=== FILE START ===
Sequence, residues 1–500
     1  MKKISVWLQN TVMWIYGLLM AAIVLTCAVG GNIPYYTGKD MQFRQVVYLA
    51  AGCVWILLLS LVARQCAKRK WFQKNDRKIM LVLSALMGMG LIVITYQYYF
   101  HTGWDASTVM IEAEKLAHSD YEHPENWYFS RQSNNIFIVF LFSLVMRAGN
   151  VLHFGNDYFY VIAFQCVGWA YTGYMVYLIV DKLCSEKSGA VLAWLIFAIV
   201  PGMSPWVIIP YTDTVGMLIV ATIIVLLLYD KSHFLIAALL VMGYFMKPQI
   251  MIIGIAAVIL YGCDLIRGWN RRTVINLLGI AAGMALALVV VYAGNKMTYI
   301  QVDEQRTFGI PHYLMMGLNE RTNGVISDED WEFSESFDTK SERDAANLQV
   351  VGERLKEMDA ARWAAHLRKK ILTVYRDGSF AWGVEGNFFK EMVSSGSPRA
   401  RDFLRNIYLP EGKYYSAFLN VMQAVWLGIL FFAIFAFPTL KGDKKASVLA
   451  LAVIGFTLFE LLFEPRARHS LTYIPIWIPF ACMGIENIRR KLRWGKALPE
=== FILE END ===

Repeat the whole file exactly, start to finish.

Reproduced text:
Sequence, residues 1–500
     1  MKKISVWLQN TVMWIYGLLM AAIVLTCAVG GNIPYYTGKD MQFRQVVYLA
    51  AGCVWILLLS LVARQCAKRK WFQKNDRKIM LVLSALMGMG LIVITYQYYF
   101  HTGWDASTVM IEAEKLAHSD YEHPENWYFS RQSNNIFIVF LFSLVMRAGN
   151  VLHFGNDYFY VIAFQCVGWA YTGYMVYLIV DKLCSEKSGA VLAWLIFAIV
   201  PGMSPWVIIP YTDTVGMLIV ATIIVLLLYD KSHFLIAALL VMGYFMKPQI
   251  MIIGIAAVIL YGCDLIRGWN RRTVINLLGI AAGMALALVV VYAGNKMTYI
   301  QVDEQRTFGI PHYLMMGLNE RTNGVISDED WEFSESFDTK SERDAANLQV
   351  VGERLKEMDA ARWAAHLRKK ILTVYRDGSF AWGVEGNFFK EMVSSGSPRA
   401  RDFLRNIYLP EGKYYSAFLN VMQAVWLGIL FFAIFAFPTL KGDKKASVLA
   451  LAVIGFTLFE LLFEPRARHS LTYIPIWIPF ACMGIENIRR KLRWGKALPE